Hezbollah leader Hassan Nasrallah denied during a televised speech on Friday that his party was obstructing the formation of the Lebanese cabinet and urged rival political factions to agree on a cabinet line up as soon as possible.
He also urged Parliament to begin discussing the country’s new electoral law by separating the issue from the Cabinet formation.
He reiterated his party’s stance that “the only law that can lead to building a State is one fully based on proportional representation and on turning Lebanon into a single electoral district or several large districts .”
Lebanese parties are divided between adopting a proportional electoral law or a hybrid electoral law that includes aspects of the proportional and current winner-take-all systems.
Nasarallah cited two “minor” problems impeding Prime Minister-designate Saad Hariri’s Cabinet formation: ” Disagreement on one or two ministerial portfolio and the representation of all sides in the government.”
Nasrallah expressed belief that none of Lebanon’s political factions sought to obstruct Cabinet formation.
He also denied reports that his ally, Speaker Nabih Berri, was obstructing the cabinet formation and that he was so on Hezbollah’s behest.
Hariri’s efforts to form a Cabinet have been hampered by rival politicians’ overlapping demands for key ministerial portfolios.
Nasrallah described the jockeying for ministerial portfolios as “normal.”
Referring to Marada Movement leader Suleiman Frangieh, who seeks a key ministerial portfolio, Nasrallah said “It’s every group’s right to be represented with a main portfolio, ” without elaborating what he meant by main.
Turning to the alliance between the Free Patriotic Movement and Lebanese Forces, Nasrallah said that the party isn’t “busy with addressing the LF and its decisions. Our battle is outside Lebanon and isn’t concerned with local politics.”
He emphasized that “it is not true that Hezbollah has asked FPM to renounce its alliance with the LF or to choose between allying with Hezbollah or allying with the LF.”
“Some are trying to give the impression that Hezbollah is preoccupied with the issue of the LF’s relation with the FPM. This is not to underestimate the LF, which is an essential force in Lebanon, but everyone knows that we are busy somewhere else… We are busy in a place that will shape the region’s future,” Nasrallah added, in a possible reference to Hezbollah’s support for president Bashar al Assad in the Syrian civil war.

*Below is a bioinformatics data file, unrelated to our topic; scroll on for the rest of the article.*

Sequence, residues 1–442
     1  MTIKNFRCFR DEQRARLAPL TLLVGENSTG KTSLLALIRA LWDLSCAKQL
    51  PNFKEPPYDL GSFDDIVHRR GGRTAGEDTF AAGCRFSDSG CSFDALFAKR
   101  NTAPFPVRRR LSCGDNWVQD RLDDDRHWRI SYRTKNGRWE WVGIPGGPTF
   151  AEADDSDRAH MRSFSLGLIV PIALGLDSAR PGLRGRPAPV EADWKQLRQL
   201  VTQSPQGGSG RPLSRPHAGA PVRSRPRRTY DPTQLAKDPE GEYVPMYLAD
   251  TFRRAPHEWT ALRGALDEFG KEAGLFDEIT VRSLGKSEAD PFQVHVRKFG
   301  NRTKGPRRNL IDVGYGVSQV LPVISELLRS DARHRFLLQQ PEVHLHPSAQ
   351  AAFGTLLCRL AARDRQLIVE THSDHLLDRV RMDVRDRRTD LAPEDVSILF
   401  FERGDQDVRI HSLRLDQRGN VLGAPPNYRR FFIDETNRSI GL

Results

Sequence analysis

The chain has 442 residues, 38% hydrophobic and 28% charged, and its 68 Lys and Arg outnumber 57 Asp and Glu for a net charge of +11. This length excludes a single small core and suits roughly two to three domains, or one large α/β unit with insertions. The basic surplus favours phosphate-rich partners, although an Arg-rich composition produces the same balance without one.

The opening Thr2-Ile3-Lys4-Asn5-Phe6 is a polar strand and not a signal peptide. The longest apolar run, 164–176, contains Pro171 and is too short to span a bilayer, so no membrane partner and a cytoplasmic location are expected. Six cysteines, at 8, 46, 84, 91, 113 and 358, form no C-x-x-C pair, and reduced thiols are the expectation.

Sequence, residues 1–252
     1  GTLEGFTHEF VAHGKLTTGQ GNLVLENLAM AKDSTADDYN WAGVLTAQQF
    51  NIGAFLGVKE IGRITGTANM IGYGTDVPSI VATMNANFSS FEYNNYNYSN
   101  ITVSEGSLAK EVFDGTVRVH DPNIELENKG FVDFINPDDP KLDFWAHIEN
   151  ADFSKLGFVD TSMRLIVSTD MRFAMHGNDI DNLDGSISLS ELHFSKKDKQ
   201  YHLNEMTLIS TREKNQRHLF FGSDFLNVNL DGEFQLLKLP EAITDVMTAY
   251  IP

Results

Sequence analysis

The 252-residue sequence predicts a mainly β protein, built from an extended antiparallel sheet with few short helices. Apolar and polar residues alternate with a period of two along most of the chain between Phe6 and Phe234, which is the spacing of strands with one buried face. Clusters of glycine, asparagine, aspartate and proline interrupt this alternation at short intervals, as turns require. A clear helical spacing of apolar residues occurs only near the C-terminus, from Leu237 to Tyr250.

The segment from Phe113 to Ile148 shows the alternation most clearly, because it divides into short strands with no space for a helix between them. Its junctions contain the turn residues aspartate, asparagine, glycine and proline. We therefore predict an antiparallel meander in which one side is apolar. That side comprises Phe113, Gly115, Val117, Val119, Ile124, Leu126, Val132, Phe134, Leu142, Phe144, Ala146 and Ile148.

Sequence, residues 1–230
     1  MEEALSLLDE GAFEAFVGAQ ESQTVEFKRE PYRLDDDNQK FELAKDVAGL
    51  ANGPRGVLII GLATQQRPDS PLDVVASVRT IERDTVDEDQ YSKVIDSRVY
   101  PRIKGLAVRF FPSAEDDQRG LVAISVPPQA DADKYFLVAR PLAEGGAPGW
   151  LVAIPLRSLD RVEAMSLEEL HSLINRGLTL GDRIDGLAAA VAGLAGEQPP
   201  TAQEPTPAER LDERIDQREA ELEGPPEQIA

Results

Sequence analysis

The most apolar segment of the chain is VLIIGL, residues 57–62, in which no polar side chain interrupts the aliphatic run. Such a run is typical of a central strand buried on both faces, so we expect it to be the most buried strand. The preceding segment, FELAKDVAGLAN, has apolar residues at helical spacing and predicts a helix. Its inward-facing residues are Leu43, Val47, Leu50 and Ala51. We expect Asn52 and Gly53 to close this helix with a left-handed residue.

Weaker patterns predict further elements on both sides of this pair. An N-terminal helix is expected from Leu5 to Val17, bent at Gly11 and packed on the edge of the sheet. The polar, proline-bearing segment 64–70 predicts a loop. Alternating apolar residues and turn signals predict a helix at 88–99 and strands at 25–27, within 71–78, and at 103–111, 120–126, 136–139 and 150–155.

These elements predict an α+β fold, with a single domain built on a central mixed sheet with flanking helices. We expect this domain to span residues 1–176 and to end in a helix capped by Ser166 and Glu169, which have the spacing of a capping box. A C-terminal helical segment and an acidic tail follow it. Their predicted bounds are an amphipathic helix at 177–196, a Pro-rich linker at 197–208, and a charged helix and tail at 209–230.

“We do not have a negative evaluation of the Christian alliance and this alliance can resolve a lot of domestic problems in Lebanon,” he said.
Nasrallah also denied that Hezbollah is “dismayed” by the president’s foreign relations or the latest visit to Lebanon by a senior Saudi delegation.
“We were not dismayed. It is not true that we would be dismayed if the president chooses Saudi Arabia for his first visit, seeing as the president has the right to travel to any country and we do not have the right to veto the president’s trip to Saudi Arabia, the same as no one has the right to veto his trip to Iran or Syria,” he added.
Nasrallah also hoped that the relation between its allies the FPM and Marada Movement will be restored soon.
“Our battle will draw the future of the region.” He stressed adding. There’s no battle here.”
underlining that Hezbollah’s relation with Aoun and the Free Patriotic Movement is “excellent and built on mutual respect and deep trust.”
“We communicate on near-daily basis with President Aoun, FPM chief Jebran Bassil and the FPM’s leadership… We might have different viewpoints over some issues but this is positive in discussions,” He added and blasted reports over disagreements as “baseless,” and reports quoting Hezbollah sources as “worthless.”This was in reference to reports of disagreement over Gebran Bassil’s relations with the Lebanese Forces leader Samir Geagea .
According to a rereport that surfaced last week Hezbollah accused Bassil of closely aligning himself with Geagea in order to secure a parliamentary seat in the upcoming elections.